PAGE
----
This single rice puck bridges the gap between Australian and Japanese ingredients and preparation styles. The result is a dish that has been carefully crafted, appearing uncomplicated to the naked eye but boasting a bold, clear flavour and complex textural layers.


    Although the phrase "farm-to-plate" has been used to death, it is the best way to sum up the work of the Bertoncello brothers, who run a small restaurant with only 25 seats in Beaconsfield, on the outskirts of Melbourne.

    After the November 2020 fire that destroyed the former Beaconsfield post office where O.My was located, this is the third location of the eatery. The restaurant had only been open for a day after the long second lockdown in Melbourne when disaster struck.

    The brothers were fortunate in that they had recently purchased a building on the Princes Highway's corner with the intention of opening a more laid-back pizzeria and pasta bar. They raised money through crowdfunding and finished the renovation in under a month, transforming it into the understatedly luxurious room you are sitting in now.

    The film does not contain any omissions or simplifications. Most of the food is still grown in-house, and the staff makes clever use of every part of the animal, plant, or food item. Every day, they create a new menu based on the freshest ingredients available. To this day, their smiles haven't faded.

    Located only 16 kilometres away, the O.My farm provides all of the fresh produce used in the restaurant's dishes, including all of the tomatoes, melons, passionfruit, beans, herbs, brassicas, and even honey. After being planted in 2013, just a few months after the original restaurant opened, the plot has now grown to an impressive one hectare.


    Oakridge, a family-owned estate, cellar door, and restaurant located in Victoria's oldest wine region, is known for serving some of the best food in the state.

    There's a good reason why we voted it 2019's best restaurant. At $95 per person, the four-course lunch menu is reasonably priced, and a wine tasting package featuring the estate's wines is available as an add-on.


    Near the tip of the Mornington Peninsula is the massive Pt. Leo Estate. The sculpture park costs $50 million and features a huge KAWS creation as well as a winery with panoramic views of the ocean.

    Check out Laura, the on-site fine dining establishment, where you can select from a four- or eight-course menu, both of which come with beverage pairings (including some of Pt Leo Estate's own wines) selected by master sommelier Andrew Murch. You can also pick and choose from the many options it provides.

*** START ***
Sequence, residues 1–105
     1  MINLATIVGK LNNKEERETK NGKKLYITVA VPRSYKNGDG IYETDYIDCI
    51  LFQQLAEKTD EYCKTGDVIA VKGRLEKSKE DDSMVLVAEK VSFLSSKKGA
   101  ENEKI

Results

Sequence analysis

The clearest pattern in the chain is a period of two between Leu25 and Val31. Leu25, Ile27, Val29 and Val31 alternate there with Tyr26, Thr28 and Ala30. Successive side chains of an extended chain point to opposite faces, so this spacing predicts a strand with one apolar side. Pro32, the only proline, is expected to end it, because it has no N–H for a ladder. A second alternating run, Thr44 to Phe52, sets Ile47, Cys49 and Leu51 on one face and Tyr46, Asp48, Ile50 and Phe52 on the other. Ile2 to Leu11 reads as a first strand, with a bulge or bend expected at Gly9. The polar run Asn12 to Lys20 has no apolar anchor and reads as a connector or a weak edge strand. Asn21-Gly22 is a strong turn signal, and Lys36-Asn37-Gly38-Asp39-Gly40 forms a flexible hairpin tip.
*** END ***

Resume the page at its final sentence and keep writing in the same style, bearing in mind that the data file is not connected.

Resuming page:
Royal Mail Hotel

    Restaurants as tourist attractions, huh? The Royal Mail Hotel in Dunkeld is situated between two of the Grampians' most stunning sandstone peaks. Popular dishes include snails, parsley root and garlic mustard, and eel and beetroot, but the menu changes daily based on the season in the enormous kitchen garden.

    98 Parker Street Dunkeld;

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    It may be tiny, but its flavour is big. We can't get enough of Aaron Turner's Geelong restaurant, Igni, which has a fiery atmosphere. Your satisfaction is guaranteed if you leave the menu planning to the fire chief.

    Ryan Pl, Geelong; 

    Du Fermier

    Apparently, anything that Annie Smithers touches becomes profitable. This is most certainly the case in Trentham, where Smithers's quaint restaurant, Du Fermier, serves up some of the finest French provincial cuisine in Australia. It's like eating at a friend's house, only better because there is no menu and Smithers makes the most delicious and comforting dishes possible using only the freshest seasonal ingredients.

    42 High Street, Trentham; 


    Today's regional Victoria still has plenty of gold to offer, but it's in the form of excellent dining establishments. Housed in the beautiful art deco Theatre Royal in Castlemaine is Lola, an intimate and beautifully conceived dining space with contemporary dishes such as freshly made gnocchi with six-hour pork and beef ragu, and mushroom, hazelnut and goat’s curd cannelloni.

    30 Hargraves St, Castlemaine; 


    Fine Dining at Its Finest Across the Country. Some of the finest local restaurants in the state can be found on a list in Victoria. Get out of the city and visit rural Victoria for some of the best regional cuisine in the state. Our Melbourne Restaurants Guide features several of these establishments. Alla Wolf-Tasker, the Lake House's culinary director, is in charge of ensuring that each dish has a harmonious harmony of flavours and textures.

    All courses feature meat, fish, and vegetarian options. After the sweet course, relax with a cup of St. Ali coffee and a bite of a homemade treat. A day is easily wasted on a meal at Brae. Another coastal import into this inland region is the iced oyster. An impeccable fillet of rock flatfish caught at sea, served with butter-poached turnips, exemplifies how reverence for tradition can complement the most astounding displays of inventive brilliance.